The area was so new that when we first moved in that it wasn’t uncommon for salespeople to knock at the door in the evenings selling paintings or copper wall hangings for inside, and twisted metal mandalas for outside. All those square metres of brand new plasterboard and brick veneer in desperate need of decoration. The paintings were mostly black silhouettes of Australiany things against fierce red and orange backdrops – barns, windmills and trees against sunsets, the paint smeared on thickly and quickly. The copper wall hangings were abstract, rectangular shapes beneath stippled copper sheeting. Later we learned to make these at school (ask me if you want to know how). Because my father was interested in art he would look through everything on offer and equally, because he was interested in art, there was never the vaguest possibility that he would buy any of it.
Doncaster was so new that it was actually a swinging electoral seat, another new term that it introduced me to, with Mum explaining that that meant that voters like her and Dad played a vital part in deciding who would win the election.
For a time the voters of Doncaster were very important. As for the other swinging of the 70s, Mum told me recently that there were rumours of ‘wife swapping’ (why is it the wives who get swapped?). This talk swirled especially around the couple whose house was not only split level but had an actual sunken lounge room too.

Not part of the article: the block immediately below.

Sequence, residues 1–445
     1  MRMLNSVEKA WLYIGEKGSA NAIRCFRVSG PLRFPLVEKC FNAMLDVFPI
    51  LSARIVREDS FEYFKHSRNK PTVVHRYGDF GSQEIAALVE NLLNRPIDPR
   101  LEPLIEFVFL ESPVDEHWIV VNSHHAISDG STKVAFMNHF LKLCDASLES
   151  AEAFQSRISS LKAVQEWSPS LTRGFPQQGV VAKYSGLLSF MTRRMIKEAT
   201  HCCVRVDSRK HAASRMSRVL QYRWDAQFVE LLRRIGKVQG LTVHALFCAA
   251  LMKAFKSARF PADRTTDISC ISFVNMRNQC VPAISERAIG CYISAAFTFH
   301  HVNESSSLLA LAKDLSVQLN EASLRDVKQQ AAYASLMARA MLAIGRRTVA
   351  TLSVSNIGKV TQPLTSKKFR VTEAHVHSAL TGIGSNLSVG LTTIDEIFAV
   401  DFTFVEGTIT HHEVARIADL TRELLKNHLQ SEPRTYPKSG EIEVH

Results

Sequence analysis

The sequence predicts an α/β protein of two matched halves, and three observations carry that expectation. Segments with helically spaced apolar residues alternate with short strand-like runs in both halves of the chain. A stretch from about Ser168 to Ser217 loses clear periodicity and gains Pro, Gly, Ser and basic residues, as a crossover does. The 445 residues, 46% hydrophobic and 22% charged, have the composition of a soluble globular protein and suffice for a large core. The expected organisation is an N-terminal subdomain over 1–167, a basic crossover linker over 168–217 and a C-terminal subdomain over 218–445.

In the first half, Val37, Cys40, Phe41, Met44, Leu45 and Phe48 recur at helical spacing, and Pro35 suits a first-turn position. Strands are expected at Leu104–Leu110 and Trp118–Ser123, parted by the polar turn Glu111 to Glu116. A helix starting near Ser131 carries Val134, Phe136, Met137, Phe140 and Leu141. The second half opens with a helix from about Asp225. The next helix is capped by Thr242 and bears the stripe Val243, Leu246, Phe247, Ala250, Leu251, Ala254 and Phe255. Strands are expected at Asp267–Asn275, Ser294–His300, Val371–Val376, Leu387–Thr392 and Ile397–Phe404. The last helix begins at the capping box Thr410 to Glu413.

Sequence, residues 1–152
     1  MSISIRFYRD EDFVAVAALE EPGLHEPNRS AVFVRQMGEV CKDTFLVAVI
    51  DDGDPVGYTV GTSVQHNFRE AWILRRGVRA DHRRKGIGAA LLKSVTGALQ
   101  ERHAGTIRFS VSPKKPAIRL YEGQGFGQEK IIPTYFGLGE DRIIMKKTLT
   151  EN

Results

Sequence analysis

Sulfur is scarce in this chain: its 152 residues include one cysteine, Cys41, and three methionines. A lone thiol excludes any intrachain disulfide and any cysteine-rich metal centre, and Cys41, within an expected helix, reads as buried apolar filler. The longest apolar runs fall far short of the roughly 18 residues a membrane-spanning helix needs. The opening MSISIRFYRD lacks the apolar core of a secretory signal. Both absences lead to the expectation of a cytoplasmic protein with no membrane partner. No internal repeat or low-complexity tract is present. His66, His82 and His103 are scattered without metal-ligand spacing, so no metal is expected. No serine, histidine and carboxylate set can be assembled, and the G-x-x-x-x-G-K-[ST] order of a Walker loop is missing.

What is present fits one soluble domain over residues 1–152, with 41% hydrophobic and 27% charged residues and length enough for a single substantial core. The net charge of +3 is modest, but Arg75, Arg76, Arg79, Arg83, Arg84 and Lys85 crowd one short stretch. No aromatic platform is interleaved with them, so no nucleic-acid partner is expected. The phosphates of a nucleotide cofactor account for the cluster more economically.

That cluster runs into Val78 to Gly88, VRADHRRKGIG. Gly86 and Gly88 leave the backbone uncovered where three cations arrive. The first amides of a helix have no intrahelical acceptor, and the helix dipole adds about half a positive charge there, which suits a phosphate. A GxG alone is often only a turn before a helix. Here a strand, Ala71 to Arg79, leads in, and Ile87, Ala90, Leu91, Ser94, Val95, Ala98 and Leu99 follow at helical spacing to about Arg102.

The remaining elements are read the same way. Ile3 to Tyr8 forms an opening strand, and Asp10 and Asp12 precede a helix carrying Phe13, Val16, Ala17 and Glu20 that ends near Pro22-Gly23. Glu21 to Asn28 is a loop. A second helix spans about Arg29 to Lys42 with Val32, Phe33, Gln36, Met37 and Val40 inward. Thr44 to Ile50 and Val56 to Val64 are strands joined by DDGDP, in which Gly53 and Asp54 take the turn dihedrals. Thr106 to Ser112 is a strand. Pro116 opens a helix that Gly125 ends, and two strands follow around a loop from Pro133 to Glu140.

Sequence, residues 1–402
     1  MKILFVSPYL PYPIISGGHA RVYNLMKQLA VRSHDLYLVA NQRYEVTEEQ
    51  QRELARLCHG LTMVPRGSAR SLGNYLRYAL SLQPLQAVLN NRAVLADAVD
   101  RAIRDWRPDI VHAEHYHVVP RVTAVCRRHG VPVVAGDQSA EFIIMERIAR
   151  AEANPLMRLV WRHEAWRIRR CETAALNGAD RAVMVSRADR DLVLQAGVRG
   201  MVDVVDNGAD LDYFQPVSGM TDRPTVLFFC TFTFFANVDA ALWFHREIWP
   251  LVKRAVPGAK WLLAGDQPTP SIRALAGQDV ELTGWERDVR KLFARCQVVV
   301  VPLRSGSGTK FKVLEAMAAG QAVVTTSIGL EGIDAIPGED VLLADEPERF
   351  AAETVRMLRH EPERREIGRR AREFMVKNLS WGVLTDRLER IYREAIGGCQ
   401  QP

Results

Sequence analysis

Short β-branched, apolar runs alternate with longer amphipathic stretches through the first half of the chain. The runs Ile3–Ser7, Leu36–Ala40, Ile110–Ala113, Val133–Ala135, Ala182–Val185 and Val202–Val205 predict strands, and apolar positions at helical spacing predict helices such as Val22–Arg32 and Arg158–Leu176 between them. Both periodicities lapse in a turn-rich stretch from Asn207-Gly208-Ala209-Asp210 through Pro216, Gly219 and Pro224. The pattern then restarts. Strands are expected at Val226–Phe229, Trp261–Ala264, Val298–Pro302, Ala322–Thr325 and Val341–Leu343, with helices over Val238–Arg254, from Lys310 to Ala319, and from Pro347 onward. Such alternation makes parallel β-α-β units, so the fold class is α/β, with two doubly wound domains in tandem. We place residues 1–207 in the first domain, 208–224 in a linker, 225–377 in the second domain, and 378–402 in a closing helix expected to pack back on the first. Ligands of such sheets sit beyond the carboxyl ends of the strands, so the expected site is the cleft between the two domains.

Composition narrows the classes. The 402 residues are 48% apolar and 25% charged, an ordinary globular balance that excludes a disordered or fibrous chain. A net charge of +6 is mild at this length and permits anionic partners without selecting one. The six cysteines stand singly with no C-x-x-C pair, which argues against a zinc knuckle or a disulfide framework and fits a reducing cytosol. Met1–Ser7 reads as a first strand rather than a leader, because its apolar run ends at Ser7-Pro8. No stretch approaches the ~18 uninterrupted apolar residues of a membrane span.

Doncaster is a green and leafy suburb now, with a house on every block. The voting heyday of the area is long over – after the initial excitement it settled quickly into steadfast conservatism, a blue-ribbon capital L Liberalness. About the other swinging I don’t know, and anyway they were only rumours back then. Empty blocks sometimes appear fleetingly, and with increasing frequency, as another 1970s house gets pulled down and replaced with a bigger fancier house, one that stretches from boundary to boundary. Construction fencing goes up all around as the first step in the process – there’s no chance of anyone playing on the emptied block or in the half-constructed house.
Nowaday lots of people now use the park, which has been planted with many more trees, and boasts walking paths, barbecues and playgrounds. It also has the new fancier name of Ruffey Lake Park, and the part of the creek where we mostly played is now a carpark.
My parents still live in the same house. The concrete of the patio has been covered with terracotta pavers, and trees have grown all around, but you can still see Doncaster Shoppingtown from there. It’s several times as big now, a brooding grey mass taking over the hill. The old practical shops have gone, it is the new era of luxury brands. At night seen from the patio, its security lights make it blaze like my idea of industrial-military complex.